Acting? I've seen Lopez do good work: in Out of Sight. I'm presuming that Affleck MUST have a good film somewhere... seeing as I'm damned to see Paycheck (it's a P.K. Dick adaptation and I have a weakness for those), I'm hoping that's gonna be it. All things considered though, I'd be okay if neither one ever went near a camera again.

The direction, the acting, the writing: everything is tremendously self-satisfied and bored. There's a sense that everyone is peeved by the fact that they actually have to MAKE this film. There is no joy, no chemistry, no frisson, no nothing. At least the masturbating guy looked like he was having a good time; this cast looks like it's in a hurry to get to catering.

The only highlight is a bit cameo by Christopher Walken (playing a policeman who apparently thinks that he's Christopher Walken) wandering in on Aflopez to question them. When he doesn't get the answers he's looking for, he launches into some nonsense about taking them out to get pie that "tastes so good you put it on your head your tongue will knock your brain out to get at it... MMMMMMHMMMMMM!"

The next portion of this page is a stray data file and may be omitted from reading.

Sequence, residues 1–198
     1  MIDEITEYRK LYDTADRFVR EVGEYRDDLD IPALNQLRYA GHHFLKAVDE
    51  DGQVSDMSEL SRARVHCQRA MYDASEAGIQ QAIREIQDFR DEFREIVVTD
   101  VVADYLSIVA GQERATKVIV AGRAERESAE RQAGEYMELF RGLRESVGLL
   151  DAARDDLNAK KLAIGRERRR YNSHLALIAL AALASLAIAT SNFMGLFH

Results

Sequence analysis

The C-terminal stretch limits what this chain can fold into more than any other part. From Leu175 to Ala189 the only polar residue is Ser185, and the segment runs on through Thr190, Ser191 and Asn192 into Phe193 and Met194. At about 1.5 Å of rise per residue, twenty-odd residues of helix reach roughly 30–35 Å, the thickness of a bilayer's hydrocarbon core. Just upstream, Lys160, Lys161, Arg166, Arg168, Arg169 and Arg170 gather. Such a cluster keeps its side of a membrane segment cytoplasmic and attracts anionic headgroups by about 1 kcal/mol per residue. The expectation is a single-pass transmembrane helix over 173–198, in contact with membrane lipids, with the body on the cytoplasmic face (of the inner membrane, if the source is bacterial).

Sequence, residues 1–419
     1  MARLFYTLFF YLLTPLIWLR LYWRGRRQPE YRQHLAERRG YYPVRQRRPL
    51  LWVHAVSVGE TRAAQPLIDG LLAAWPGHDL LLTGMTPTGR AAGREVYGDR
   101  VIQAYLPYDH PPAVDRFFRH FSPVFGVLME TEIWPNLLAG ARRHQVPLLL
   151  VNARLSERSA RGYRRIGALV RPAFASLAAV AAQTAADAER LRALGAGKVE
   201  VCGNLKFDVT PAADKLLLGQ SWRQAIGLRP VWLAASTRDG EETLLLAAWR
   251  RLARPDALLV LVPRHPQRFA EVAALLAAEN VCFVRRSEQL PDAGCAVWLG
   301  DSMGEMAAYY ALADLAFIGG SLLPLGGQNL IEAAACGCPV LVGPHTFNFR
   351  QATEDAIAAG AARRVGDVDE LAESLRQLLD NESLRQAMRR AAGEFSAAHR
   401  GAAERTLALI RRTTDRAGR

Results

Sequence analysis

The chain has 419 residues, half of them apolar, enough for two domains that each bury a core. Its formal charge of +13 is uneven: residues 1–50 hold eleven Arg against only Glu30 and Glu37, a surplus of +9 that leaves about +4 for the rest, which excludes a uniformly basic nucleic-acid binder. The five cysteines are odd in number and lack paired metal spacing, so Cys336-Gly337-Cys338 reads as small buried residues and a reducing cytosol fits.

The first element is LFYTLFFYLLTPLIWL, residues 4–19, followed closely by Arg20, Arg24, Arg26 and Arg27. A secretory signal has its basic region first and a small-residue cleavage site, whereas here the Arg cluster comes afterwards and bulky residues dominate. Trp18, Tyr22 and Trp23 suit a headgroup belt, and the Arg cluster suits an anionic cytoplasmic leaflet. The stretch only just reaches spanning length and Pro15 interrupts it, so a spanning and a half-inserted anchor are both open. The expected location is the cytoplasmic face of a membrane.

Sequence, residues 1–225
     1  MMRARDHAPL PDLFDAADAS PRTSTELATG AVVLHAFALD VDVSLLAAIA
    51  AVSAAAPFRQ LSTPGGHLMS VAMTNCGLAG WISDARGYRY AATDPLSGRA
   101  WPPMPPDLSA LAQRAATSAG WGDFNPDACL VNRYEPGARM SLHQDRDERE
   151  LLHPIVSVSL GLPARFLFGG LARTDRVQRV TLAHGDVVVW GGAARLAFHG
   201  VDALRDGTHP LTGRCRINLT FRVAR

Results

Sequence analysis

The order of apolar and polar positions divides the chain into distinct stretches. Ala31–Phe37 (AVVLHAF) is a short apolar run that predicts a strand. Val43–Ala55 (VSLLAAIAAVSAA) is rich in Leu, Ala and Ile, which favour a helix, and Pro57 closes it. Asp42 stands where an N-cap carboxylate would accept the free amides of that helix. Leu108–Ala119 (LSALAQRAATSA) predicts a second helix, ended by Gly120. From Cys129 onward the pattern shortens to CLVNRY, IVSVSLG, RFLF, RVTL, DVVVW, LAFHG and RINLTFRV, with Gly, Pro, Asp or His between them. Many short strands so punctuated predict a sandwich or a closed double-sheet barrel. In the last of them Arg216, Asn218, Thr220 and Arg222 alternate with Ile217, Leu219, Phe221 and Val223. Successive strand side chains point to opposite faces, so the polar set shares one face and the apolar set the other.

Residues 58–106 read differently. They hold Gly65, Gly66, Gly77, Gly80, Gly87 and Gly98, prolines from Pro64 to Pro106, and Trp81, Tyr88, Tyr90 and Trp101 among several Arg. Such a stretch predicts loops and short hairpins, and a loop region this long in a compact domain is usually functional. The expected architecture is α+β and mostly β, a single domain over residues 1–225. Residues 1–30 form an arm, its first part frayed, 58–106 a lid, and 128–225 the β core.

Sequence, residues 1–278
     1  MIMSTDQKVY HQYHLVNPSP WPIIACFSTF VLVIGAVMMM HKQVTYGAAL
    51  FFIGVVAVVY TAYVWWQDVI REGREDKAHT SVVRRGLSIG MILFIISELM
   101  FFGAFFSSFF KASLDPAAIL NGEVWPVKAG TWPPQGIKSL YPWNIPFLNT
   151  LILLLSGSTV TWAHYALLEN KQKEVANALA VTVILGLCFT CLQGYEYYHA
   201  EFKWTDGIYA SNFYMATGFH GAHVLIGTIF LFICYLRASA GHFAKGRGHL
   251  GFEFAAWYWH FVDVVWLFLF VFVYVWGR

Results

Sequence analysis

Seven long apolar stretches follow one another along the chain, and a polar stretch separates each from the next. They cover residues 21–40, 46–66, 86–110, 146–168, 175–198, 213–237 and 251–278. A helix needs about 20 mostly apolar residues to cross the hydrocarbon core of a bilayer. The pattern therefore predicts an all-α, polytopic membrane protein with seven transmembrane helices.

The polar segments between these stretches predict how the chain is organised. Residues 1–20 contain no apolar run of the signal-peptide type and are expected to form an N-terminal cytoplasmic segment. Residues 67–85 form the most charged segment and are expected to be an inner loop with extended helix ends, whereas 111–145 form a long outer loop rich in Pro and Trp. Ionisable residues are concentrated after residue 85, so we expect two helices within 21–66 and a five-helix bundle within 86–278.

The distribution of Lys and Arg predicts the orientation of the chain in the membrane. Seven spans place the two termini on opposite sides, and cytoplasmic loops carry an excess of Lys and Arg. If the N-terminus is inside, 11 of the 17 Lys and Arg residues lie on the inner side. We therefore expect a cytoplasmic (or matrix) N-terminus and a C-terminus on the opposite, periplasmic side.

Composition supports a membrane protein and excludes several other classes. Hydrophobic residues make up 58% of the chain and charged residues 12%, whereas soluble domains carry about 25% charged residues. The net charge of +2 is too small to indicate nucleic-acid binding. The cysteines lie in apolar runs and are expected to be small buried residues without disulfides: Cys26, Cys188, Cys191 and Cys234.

Walken realizes he's in a dog and decides to not only gnaw but eat and then shit the scenery.
That's about as good as this gets: fifteen seconds of self-mocking hysterics done by a slumming actor.
Don't even ask about Pacino; you don't want to know.

BUT IT'S NOT THAT BAD. It's just a bad Hollywood studio film. Lord knows, worse must have come out last year. Bad Boys II? Cat in the Hat? Hell, I disliked Thirteen just as much, only for different reasons. Thirteen was GENUINELY offensive; Gigli just wasn't capable of being taken seriously enough to be offensive. No, this monstrosity achieved punchline status because we like to see hubris repaid. Hardly fair, but this abortion certainly don't merit a cheering section. Saying that Gigli deserves better critical treatment is like worrying about Saddam Hussein's living conditions.

My fear is that a wave of would be hipster film watchers are on their way to rent or tune in Gigli in hopes of finding a so-bad-it's-good antifilm. Look elsewhere. This is only bad enough to be bad.


the espn review - the astonishingly low "rotten tomatoes" rating -
Cleaning Up Razzies - the Official Site - The Gigli Experiment -
The Onion Reports